Cellular Respiration: Harvesting Chemical Energy Chapter 9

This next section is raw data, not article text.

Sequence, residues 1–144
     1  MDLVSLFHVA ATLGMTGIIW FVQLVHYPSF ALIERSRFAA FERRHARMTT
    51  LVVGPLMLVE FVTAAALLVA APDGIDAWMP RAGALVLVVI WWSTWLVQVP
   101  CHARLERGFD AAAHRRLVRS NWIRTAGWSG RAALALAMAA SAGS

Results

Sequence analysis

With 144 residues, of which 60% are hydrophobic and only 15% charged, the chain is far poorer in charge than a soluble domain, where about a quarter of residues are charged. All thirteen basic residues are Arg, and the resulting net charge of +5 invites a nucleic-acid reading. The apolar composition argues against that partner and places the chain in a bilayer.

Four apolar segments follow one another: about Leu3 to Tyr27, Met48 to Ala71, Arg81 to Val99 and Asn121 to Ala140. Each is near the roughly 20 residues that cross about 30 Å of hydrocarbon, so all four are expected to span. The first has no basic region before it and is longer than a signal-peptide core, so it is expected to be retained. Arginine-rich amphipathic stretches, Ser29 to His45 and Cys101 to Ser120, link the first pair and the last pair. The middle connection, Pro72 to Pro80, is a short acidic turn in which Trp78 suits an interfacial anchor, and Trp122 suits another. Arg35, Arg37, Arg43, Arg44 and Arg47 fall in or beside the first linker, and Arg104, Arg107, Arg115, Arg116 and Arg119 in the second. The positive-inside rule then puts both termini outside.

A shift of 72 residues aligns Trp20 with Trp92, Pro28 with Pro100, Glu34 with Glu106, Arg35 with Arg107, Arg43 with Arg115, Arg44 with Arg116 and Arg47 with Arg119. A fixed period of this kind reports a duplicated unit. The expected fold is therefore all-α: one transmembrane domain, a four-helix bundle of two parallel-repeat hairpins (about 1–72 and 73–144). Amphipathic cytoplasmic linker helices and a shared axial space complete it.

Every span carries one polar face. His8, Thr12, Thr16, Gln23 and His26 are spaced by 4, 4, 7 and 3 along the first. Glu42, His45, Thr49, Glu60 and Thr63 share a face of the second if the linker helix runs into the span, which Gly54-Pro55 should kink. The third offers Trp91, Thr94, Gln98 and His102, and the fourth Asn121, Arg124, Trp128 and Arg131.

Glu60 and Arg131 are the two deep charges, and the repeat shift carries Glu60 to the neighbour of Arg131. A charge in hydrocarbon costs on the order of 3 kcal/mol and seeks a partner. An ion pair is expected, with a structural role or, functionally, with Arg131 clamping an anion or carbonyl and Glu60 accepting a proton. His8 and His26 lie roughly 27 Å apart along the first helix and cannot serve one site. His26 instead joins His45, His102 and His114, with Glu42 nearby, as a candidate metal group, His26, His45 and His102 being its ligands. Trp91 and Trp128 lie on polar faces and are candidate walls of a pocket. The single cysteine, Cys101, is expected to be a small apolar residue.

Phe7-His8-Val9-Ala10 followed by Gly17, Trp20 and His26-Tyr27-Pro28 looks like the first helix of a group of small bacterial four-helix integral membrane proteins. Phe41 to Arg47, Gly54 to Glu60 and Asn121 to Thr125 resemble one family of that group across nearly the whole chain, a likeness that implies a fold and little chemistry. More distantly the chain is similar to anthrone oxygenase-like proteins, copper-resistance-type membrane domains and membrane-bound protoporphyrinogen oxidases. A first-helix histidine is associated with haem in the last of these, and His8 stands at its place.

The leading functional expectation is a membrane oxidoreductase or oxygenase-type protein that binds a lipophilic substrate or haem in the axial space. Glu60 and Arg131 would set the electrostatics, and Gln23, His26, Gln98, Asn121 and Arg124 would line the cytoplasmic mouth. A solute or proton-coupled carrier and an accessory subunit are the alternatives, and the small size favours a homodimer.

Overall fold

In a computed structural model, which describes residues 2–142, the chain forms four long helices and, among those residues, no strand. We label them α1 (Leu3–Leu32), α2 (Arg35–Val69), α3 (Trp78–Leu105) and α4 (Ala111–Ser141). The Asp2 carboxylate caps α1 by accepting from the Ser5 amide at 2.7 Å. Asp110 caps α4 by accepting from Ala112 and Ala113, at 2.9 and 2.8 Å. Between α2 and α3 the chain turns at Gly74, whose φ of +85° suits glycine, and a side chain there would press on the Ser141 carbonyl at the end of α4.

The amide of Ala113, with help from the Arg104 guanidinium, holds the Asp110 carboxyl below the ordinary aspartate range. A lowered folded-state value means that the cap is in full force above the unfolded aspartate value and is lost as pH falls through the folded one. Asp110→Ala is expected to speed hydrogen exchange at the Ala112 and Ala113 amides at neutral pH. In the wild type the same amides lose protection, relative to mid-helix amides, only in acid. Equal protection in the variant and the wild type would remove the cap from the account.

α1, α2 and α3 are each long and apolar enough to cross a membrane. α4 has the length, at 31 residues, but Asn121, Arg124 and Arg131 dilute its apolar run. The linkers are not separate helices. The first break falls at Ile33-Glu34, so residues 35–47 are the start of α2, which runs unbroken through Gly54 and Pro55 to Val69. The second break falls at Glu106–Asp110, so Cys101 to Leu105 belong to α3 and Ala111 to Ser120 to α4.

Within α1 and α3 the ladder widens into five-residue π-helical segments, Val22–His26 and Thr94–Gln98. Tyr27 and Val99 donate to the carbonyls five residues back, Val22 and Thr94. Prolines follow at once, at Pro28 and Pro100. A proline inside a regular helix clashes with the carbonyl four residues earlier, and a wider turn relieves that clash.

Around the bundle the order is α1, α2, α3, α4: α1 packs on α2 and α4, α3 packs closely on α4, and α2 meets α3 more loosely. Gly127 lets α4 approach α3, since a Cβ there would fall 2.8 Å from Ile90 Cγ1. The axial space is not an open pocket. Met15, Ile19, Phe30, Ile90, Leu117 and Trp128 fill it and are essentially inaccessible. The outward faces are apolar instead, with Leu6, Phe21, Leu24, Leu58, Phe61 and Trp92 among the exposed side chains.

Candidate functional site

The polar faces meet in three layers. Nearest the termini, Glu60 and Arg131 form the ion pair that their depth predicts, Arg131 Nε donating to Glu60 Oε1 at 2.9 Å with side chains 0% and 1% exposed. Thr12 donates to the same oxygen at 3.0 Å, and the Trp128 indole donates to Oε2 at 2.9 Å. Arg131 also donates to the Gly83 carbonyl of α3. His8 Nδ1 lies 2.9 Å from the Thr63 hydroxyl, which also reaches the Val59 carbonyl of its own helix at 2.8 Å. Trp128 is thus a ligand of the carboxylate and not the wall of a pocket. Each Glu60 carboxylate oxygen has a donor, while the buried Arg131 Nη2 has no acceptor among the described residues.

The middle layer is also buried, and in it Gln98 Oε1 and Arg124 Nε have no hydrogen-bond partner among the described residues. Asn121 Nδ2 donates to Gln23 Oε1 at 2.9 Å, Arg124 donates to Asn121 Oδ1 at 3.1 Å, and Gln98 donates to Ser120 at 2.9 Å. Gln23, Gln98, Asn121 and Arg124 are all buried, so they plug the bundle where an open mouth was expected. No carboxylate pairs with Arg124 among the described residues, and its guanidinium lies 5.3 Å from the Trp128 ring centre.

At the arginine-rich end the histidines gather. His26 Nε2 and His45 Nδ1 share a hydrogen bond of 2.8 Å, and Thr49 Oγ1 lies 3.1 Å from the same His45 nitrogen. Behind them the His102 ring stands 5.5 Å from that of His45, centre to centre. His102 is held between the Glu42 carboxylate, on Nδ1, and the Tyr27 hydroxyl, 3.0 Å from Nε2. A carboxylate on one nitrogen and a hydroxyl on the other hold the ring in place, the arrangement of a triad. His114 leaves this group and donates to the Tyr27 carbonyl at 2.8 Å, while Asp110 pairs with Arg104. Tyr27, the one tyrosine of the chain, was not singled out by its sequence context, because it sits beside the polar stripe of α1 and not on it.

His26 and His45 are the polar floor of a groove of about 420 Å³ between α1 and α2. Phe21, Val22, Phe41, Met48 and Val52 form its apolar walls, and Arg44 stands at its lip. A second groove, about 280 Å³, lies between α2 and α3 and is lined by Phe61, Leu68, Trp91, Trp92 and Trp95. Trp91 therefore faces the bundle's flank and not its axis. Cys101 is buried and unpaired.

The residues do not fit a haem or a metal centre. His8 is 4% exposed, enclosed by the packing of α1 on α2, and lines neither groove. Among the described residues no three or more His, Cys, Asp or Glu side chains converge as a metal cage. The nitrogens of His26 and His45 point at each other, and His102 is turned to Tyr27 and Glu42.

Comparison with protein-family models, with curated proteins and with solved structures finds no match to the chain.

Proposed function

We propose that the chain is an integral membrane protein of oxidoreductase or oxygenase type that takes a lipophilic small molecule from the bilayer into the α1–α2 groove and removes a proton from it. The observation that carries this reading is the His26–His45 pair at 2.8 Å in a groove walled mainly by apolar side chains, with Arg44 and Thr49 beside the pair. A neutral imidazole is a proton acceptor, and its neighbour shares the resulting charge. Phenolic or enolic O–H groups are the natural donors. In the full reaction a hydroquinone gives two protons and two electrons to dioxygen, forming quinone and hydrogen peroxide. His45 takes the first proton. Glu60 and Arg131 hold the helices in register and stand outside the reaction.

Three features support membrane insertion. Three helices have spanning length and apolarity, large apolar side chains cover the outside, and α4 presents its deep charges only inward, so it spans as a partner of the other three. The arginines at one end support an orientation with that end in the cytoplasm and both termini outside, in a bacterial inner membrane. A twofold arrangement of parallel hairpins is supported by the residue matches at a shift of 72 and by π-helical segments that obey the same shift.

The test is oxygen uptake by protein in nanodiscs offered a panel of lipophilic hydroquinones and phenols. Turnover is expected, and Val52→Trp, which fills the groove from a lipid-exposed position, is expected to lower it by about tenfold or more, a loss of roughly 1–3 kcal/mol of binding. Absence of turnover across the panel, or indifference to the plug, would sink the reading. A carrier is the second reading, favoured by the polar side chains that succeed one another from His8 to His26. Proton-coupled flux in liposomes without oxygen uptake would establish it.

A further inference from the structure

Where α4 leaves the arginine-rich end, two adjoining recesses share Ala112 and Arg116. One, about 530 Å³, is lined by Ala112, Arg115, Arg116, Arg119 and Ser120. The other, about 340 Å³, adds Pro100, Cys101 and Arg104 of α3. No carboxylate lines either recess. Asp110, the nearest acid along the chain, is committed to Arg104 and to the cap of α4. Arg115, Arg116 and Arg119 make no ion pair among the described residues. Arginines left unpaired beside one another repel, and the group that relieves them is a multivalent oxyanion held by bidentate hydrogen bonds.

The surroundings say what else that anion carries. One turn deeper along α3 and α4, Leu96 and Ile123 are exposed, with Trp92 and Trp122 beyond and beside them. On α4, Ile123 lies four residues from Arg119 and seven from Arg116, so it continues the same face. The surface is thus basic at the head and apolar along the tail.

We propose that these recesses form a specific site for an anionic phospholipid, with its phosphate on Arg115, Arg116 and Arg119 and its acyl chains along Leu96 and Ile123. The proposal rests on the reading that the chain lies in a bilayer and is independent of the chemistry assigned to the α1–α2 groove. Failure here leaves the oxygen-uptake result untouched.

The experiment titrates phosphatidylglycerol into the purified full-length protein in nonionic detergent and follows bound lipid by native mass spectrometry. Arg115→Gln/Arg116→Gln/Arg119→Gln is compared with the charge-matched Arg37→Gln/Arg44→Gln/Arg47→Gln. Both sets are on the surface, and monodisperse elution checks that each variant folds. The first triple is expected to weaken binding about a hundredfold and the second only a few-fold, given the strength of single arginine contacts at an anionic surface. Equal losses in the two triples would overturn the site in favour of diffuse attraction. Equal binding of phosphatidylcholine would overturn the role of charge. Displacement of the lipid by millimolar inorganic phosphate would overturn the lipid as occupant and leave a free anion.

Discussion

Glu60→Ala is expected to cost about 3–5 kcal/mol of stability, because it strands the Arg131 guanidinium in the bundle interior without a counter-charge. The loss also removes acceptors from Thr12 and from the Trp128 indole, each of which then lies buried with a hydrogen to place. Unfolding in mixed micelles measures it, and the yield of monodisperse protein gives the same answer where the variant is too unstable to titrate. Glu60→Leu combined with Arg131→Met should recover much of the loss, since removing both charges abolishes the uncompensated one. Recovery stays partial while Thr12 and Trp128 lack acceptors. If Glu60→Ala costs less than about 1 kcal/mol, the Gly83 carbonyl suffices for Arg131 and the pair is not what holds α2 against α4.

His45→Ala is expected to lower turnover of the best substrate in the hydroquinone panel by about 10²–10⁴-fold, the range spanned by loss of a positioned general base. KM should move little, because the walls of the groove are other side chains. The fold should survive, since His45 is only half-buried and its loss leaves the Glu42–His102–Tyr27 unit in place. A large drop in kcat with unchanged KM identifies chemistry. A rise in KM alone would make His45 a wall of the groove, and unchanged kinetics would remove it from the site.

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Cellular Respiration: Harvesting Chemical Energy Chapter 9 Slide 2 Cellular Respiration Metabolic pathways that release stored energy by breaking down complex molecules are called catabolic pathways. There are two types of catabolic processes- fermentation and cellular respiration. Slide 3 Catabolic Pathways Fermentation Is the partial degradation of sugars that occurs without the help of oxygen Cellular Respiration This is the most efficient and prevalent catabolic pathway, in which oxygen is consumed as a reactant along with organic fuel. Catabolic pathways yield energy by oxidizing organic fuels The breakdown of organic molecules is exergonic Slide 4 Energy flow and Recycling Light energy ECOSYSTEM CO 2 + H 2 O Photosynthesis in chloroplasts Cellular respiration in mitochondria Organic molecules + O 2 ATP powers most cellular work Heat Energy Respiration harvests energy stored in organic molecules to generate ATP, Which powers most cellular work. The waste products are used by chloroplasts For photosynthesis. Thus chemicals essential to life are recycled. Energy Flows into an ecosystem as sunlight and leaves as heat Slide 5 Redox Reaction Example of Redox Reaction Na + Cl Na + + Cl becomes oxidized (loses electron) becomes reduced (gains electron) Some redox reactions Do not completely exchange electrons Change the degree of electron sharing in covalent bonds Slide 6 Redox Reactions Redox reactions Transfer electrons from one reactant to another by oxidation and reduction In oxidation A substance loses electrons, or is oxidized In reduction A substance gains electrons, or is reduced Slide 7 Cellular Respiration During cellular respiration Glucose is oxidized and oxygen is reduced C 6 H 12 O 6 + 6O 2 6CO 2 + 6H 2 O + Energy becomes oxidized becomes reduced Slide 8 Stepwise Harvest Cellular respiration Oxidizes glucose in a series of steps Electrons from organic compounds Are usually first transferred to NAD +, a coenzyme NADH, the reduced form of NAD + Passes the electrons to the electron transport chain If electron transfer is not stepwise A large release of energy occurs As in the reaction of hydrogen and oxygen to form water (a) Uncontrolled reaction Free energy, G H2OH2O Explosive release of heat and light energy H 2 + 1 / 2 O 2 Slide 9 Electron Transport Chain The electron transport chain Passes electrons in a series of steps instead of in one explosive reaction Uses the energy from the electron transfer to form ATP Slide 10 2 H 1 / 2 O 2 (from food via NADH) 2 H + + 2 e 2 H + 2 e H2OH2O 1 / 2 O 2 Controlled release of energy for synthesis of ATP ATP Electron transport chain Free energy, G (b) Cellular respiration + Slide 11 Processes of Cellular Respiration Respiration is a cumulative function of three metabolic stages Glycolysis The citric acid cycle Oxidative phosphorylation Glycolysis Breaks down glucose into two molecules of pyruvate The citric acid cycle Completes the breakdown of glucose Oxidative phosphorylation Is driven by the electron transport chain Generates ATP Slide 12 Electrons carried via NADH Glycolsis Glucose Pyruvate ATP Substrate-level phosphorylation Electrons carried via NADH and FADH 2 Citric acid cycle Oxidative phosphorylation: electron transport and chemiosmosis ATP Substrate-level phosphorylation Oxidative phosphorylation Mitochondrion Cytosol Slide 13 Both glycolysis and the citric acid cycle Can generate ATP by substrate-level phosphorylation Enzyme ATP ADP Product Substrate P + Slide 14 Glycolysis Glycolysis harvests energy by oxidizing glucose to pyruvate Glycolysis Means splitting of sugar Breaks down glucose into pyruvate Occurs in the cytoplasm of the cell Glycolysis consists of two major phases Energy investment phase Energy payoff phase Glycolysis Can produce ATP with or without oxygen, in aerobic or anaerobic conditions Couples with fermentation to produce ATP Slide 15 Glycolysis Citric acid cycle Oxidative phosphorylation ATP 2 ATP 4 ATP used formed Glucose 2 ATP + 2 P 4 ADP + 4 P 2 NAD + + 4 e - + 4 H + 2 NADH + 2 H + 2 Pyruvate + 2 H 2 O Energy investment phase Energy payoff phase Glucose 2 Pyruvate + 2 H 2 O 4 ATP formed 2 ATP used 2 ATP 2 NAD + + 4 e + 4 H + 2 NADH + 2 H + The energy input and output of glycolysis Slide 16 Dihydroxyacetone phosphate Glyceraldehyde- 3-phosphate H H H H H OH HO CH 2 OH H H H H O H OH HO OH P CH 2 O P H O H HO H CH 2 OH P O CH 2 O O P HO H H OH O P CH 2 C O CH 2 OH H C CHOH CH 2 O O P ATP ADP Hexokinase Glucose Glucose-6-phosphate Fructose-6-phosphate ATP ADP Phosphoglucoisomerase Phosphofructokinase Fructose- 1, 6-bisphosphate Aldolase Isomerase Glycolysis 1 2 3 4 5 CH 2 OH Oxidative phosphorylation Citric acid cycle Glucose enters the cell and is phosphorylated by the enzyme hexokinase which transfers a phosphate group fro ATP to sugar The charge of the phosphate group traps the sugar in the cell because the plasma membrane is impermeable to membranes. Phosphorylation makes glucose more reactive chemically. Slide 17 2 NAD + NADH 2 + 2 H + Triose phosphate dehydrogenase 2 P i 2 P C CHOH O P O CH 2 O 2 OO 1, 3-Bisphosphoglycerate 2 ADP 2 ATP Phosphoglycerokinase CH 2 OP 2 C CHOH 3-Phosphoglycerate Phosphoglyceromutase OO C C CH 2 OH H O P 2-Phosphoglycerate 2 H 2 O 2 OO Enolase C C O P O CH 2 Phosphoenolpyruvate 2 ADP 2 ATP Pyruvate kinase OO C C O O CH 3 2 6 8 7 9 10 Pyruvate O Slide 18 The Citric Acid Cycle The citric acid cycle completes the energy-yielding oxidation of organic molecules The citric acid cycle Takes place in the matrix of the mitochondrion Before the citric acid cycle can begin Pyruvate must first be converted to acetyl CoA, which links the cycle to glycolysis Slide 19 ATP 2 CO 2 3 NAD + 3 NADH + 3 H + ADP + P i FAD FADH 2 Citric acid cycle CoA Acetyle CoA NADH + 3 H + CoA CO 2 Pyruvate (from glycolysis, 2 molecules per glucose) ATP Glycolysis Citric acid cycle Oxidative phosphorylation Slide 20 Oxidative Phosphorylation During oxidative phosphorylation, chemiosmosis couples electron transport to ATP synthesis NADH and FADH 2 Donate electrons to the electron transport chain, which powers ATP synthesis via oxidative phosphorylation Slide 21 The Pathway of Electron Transport In the electron transport chain Electrons from NADH and FADH 2 lose energy in several steps ATP synthase Is the enzyme that actually makes ATP At certain steps along the electron transport chain Electron transfer causes protein complexes to pump H + from the mitochondrial matrix to the intermembrane space The resulting H + gradient Stores energy Drives chemiosmosis in ATP synthase Is referred to as a proton-motive force Slide 22 INTERMEMBRANE SPACE H+H+ H+H+ H+H+ H+H+ H+H+ H+H+ H+H+ H+H+ P i + ADP ATP A rotor within the membrane spins clockwise when H + flows past it down the H + gradient. A stator anchored in the membrane holds the knob stationary. A rod (for stalk) extending into the knob also spins, activating catalytic sites in the knob. Three catalytic sites in the stationary knob join inorganic Phosphate to ADP to make ATP. MITOCHONDRIAL MATRIX Slide 23 Chemiosmosis Is an energy-coupling mechanism that uses energy in the form of a H + gradient across a membrane to drive cellular work Oxidative phosphorylation. electron transport and chemiosmosis Glycolysis ATP Inner Mitochondrial membrane H+H+ H+H+ H+H+ H+H+ H+H+ ATP P i Protein complex of electron carners Cyt c I II III IV (Carrying electrons from, food) NADH + FADH 2 NAD + FAD + 2 H + + 1 / 2 O 2 H2OH2O ADP + Electron transport chain Electron transport and pumping of protons (H + ), which create an H + gradient across the membrane Chemiosmosis ATP synthesis powered by the flow Of H + back across the membrane ATP synthase Q Oxidative phosphorylation Intermembrane space Inner mitochondrial membrane Mitochondrial matrix Slide 24 ATP Production in Respiration During respiration, most energy flows in this sequence Glucose to NADH to electron transport chain to proton-motive force to ATP About 40% of the energy in a glucose molecule Is transferred to ATP during cellular respiration, making approximately 38 ATP Slide 25 Electron shuttles span membrane CYTOSOL 2 NADH 2 FADH 2 2 NADH 6 NADH 2 FADH 2 2 NADH Glycolysis Glucose 2 Pyruvate 2 Acetyl CoA Citric acid cycle Oxidative phosphorylation: electron transport and chemiosmosis MITOCHONDRION by substrate-level phosphorylation by substrate-level phosphorylation by oxidative phosphorylation, depending on which shuttle transports electrons from NADH in cytosol Maximum per glucose: About 36 or 38 ATP + 2 ATP + about 32 or 34 ATP or Slide 26 Fermentation Fermentation enables some cells to produce ATP without the use of oxygen Cellular respiration Relies on oxygen to produce ATP In the absence of oxygen Cells can still produce ATP through fermentation In alcohol fermentation Pyruvate is converted to ethanol in two steps, one of which releases CO 2 During lactic acid fermentation Pyruvate is reduced directly to NADH to form lactate as a waste product Both fermentation and cellular respiration Use glycolysis to oxidize glucose and other organic fuels to pyruvate Slide 27 2 ADP + 2 P1P1 2 ATP Glycolysis Glucose 2 NAD + 2 NADH 2 Pyruvate 2 Acetaldehyde 2 Ethanol (a) Alcohol fermentation 2 ADP + 2 P1P1 2 ATP Glycolysis Glucose 2 NAD + 2 NADH 2 Lactate (b) Lactic acid fermentation H H OH CH 3 C O O C CO CH 3 H CO OO CO CO O CO C OHH CH 3 CO 2 2 Slide 28 Amino acids Sugars Glycerol Fatty acids Glycolysis Glucose Glyceraldehyde-3- P Pyruvate Acetyl CoA NH 3 Citric acid cycle Oxidative phosphorylation Fats Proteins Carbohydrates Cellular respiration Is controlled by allosteric enzymes at key points in glycolysis and the citric acid cycle